Switzerland: a “model” country, but it wasn’t until 1971 that women’s vote reached it.

In a recent publication of the broker www.swissinfo.ch The article entitled “Switzerland: a model country but not reached by female voices until 1971” was published.

Switzerland, a country that has never lived under a dictatorship and has avoided wars between its neighbors with its neutrality, was nonetheless one of the last countries in the world to recognize women’s suffrage, in 1971, so in 2021, on the fiftieth anniversary of that step forward, It costs too much.

Few countries, including those that gained independence after that year and many Arab countries, allowed women to vote later than the Swiss, who first established this right only at the federal level, so in some cantonal and local elections, Swiss women’s vote was not It is still standing. to wait longer.

These restrictions continued until 1990, the year when the last Swiss canton that did not allow women’s suffrage (Appenzel-Inner Rhodes) allowed it, and with this resistance the Federal Court was forced to enforce it.

Pioneering feminism, though

This delay was in no way due to the fact that Swiss women had not claimed their rights for a long time, since the feminist movement was born in the Alpine country in the mid-19th century and in 1868, Geneva-based Marie-Goegg Pouchoulin founded the International Women’s League.

This radical feminist organization requested a vote for the first time that year, but the initiative was rejected by several cantons.

The view of women’s suffrage opponents was that women had other business to attend to before politics, or that Switzerland, left unscathed as world wars devastated its neighboring countries, did relatively well with its limited male vote.

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Propaganda from opponents of female voting depicted neglected children, falling from their cribs, crying with pacifiers infested with flies, or other similar images.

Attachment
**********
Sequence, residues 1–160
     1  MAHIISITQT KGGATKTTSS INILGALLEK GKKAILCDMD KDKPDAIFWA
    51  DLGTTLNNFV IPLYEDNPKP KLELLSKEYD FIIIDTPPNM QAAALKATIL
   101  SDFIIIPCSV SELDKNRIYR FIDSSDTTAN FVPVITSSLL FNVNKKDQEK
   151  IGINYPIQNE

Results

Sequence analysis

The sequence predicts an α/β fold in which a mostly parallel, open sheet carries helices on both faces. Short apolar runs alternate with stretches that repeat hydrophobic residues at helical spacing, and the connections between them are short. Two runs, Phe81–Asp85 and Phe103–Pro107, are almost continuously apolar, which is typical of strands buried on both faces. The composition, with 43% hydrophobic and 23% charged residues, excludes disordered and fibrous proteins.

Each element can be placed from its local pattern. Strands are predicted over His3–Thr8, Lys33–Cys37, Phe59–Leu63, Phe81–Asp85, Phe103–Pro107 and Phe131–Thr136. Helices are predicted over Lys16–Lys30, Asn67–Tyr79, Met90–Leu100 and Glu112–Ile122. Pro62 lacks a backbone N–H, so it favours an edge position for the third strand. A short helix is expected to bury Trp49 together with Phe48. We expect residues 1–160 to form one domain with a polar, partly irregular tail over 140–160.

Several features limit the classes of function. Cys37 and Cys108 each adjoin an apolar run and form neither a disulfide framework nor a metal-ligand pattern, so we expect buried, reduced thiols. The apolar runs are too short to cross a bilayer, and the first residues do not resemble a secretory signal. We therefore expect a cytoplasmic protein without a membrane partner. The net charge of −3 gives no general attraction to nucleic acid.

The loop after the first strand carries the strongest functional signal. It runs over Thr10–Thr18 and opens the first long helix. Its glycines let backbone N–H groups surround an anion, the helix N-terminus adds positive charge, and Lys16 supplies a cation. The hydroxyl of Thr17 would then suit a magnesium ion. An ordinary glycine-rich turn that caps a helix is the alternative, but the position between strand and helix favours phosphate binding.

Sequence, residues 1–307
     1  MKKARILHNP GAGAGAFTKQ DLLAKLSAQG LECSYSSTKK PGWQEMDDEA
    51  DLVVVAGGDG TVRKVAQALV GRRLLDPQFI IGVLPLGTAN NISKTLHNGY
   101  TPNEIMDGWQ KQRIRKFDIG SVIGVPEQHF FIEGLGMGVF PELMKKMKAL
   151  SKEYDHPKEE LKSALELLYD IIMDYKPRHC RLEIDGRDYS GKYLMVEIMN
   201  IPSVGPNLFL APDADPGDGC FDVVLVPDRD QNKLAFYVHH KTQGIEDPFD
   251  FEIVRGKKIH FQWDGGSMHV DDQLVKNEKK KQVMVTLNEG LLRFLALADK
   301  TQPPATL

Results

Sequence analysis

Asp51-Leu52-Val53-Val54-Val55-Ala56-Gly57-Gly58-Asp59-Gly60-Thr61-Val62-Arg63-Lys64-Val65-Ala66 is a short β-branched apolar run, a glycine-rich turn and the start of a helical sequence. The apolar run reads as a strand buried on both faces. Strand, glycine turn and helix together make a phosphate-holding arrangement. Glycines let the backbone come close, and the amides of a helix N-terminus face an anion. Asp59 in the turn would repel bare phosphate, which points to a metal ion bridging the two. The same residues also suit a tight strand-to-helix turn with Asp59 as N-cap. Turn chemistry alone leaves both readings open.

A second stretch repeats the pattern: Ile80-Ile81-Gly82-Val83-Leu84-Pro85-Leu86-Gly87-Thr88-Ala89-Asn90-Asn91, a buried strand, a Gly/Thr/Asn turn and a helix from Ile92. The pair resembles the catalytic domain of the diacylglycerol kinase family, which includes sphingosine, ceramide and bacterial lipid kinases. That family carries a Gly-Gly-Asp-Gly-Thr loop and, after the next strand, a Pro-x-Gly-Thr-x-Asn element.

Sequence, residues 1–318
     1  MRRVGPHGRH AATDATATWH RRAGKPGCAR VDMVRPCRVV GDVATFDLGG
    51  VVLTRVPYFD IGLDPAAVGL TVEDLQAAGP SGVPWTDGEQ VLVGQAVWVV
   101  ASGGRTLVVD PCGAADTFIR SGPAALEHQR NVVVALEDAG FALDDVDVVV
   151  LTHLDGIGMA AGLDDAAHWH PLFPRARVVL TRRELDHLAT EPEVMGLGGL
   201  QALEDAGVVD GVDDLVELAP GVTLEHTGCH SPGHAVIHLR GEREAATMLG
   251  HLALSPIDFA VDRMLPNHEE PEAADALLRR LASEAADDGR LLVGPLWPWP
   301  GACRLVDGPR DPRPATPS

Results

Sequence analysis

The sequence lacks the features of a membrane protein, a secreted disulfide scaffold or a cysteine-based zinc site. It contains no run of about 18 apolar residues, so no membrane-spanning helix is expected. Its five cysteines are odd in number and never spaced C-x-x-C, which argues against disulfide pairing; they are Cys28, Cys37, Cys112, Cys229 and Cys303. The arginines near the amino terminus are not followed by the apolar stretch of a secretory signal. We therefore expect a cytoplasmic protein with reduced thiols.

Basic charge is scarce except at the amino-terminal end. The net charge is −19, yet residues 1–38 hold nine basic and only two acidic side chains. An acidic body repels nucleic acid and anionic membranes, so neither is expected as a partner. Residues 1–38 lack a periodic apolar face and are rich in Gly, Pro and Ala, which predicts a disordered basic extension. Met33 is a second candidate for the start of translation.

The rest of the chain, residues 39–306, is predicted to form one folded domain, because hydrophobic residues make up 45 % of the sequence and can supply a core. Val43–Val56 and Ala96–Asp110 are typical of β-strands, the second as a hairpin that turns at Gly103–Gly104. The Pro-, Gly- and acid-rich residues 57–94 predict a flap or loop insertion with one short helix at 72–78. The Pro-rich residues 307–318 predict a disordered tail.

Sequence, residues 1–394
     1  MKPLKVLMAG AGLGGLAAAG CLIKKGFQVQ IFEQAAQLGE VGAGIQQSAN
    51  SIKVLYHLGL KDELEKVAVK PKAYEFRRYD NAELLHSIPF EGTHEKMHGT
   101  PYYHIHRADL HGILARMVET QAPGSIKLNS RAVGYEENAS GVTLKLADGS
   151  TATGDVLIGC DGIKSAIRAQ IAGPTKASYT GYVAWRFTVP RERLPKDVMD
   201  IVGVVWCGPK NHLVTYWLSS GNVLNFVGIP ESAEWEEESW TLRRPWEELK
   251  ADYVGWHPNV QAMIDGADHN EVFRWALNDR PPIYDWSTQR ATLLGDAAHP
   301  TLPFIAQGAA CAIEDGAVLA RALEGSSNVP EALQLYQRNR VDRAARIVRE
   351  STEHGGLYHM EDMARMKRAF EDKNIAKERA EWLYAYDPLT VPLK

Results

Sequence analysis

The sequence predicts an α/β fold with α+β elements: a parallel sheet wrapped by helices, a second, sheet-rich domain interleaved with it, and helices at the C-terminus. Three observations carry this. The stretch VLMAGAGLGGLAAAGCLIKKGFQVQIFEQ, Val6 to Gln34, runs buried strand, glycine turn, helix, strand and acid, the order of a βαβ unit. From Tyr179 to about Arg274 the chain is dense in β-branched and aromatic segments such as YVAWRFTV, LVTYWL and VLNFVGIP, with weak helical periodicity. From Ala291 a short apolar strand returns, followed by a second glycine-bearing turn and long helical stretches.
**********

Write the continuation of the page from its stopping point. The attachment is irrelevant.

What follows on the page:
In 1959, a referendum was held for the first time on the possibility of introducing women’s suffrage, in which 67% of the men who voted rejected its establishment.

This did not prevent cantons such as Vaud and Neuchâtel, in the western and French-speaking region of Switzerland, from allowing women to vote from that year.

In 1971, a wave of protests rocked the country for its attempt to sign the European Convention on Human Rights with a clause excluding women’s political rights, leading to the organization of another referendum that imposed the constitution of the Swiss system of rights. direct democracy.

In those consultations, fearing that another “no” would give a bad image to the Alpine country, two-thirds of the men who voted, and who for years refused to allow women to do so, gave their approval for women’s suffrage. February 7, 1971, ahead of only 22 other countries worldwide.

Switzerland agreed to women’s vote only before countries such as Sao Tome and Principe (1975), Central African Republic (1986), Namibia (1989), Mozambique (1975), Liechtenstein (1984), Kuwait (2005), Iraq (1980) and Qatar (1999) ), among other things in development.

Switzerland that voted for the first time in 1990

In Appenzell Inner Rhodes, one of the most traditional cantons in Switzerland, women’s suffrage has been a slow and difficult process.

There the electoral system of this Swiss region was very traditional as it was based on the popular assemblies, without women, which were organized since time immemorial in the mountainous regions of Central Europe called “Landsgemeinde”.

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The men, who gathered to vote on the plaça de la Landsgemeinde, argued that the meeting place is too small if female participation is also allowed, or that the popular gathering for them is the same as Mother’s Day for women.

Therefore, the women of Inner Appenzell Rhodes, a canton of about 16,000 inhabitants, could vote and be elected nationally, but in their native canton, they could only observe politics without enjoying any rights.

As a result of the fact that in the spring of 1990 men again refused women’s suffrage in the canton, a claim with one hundred signatures was submitted to the Federal Court, and on November 26 of the same year it was unanimously approved by the highest Swiss court. .

The feeling of many women in the area is that had it not been for the Federal Court’s decision, they would have been without the right to vote today.

Swiss women continue to fight today against employment discrimination, wage inequality, and sexual harassment, which remain major challenges today both in the Swiss country and around the world.

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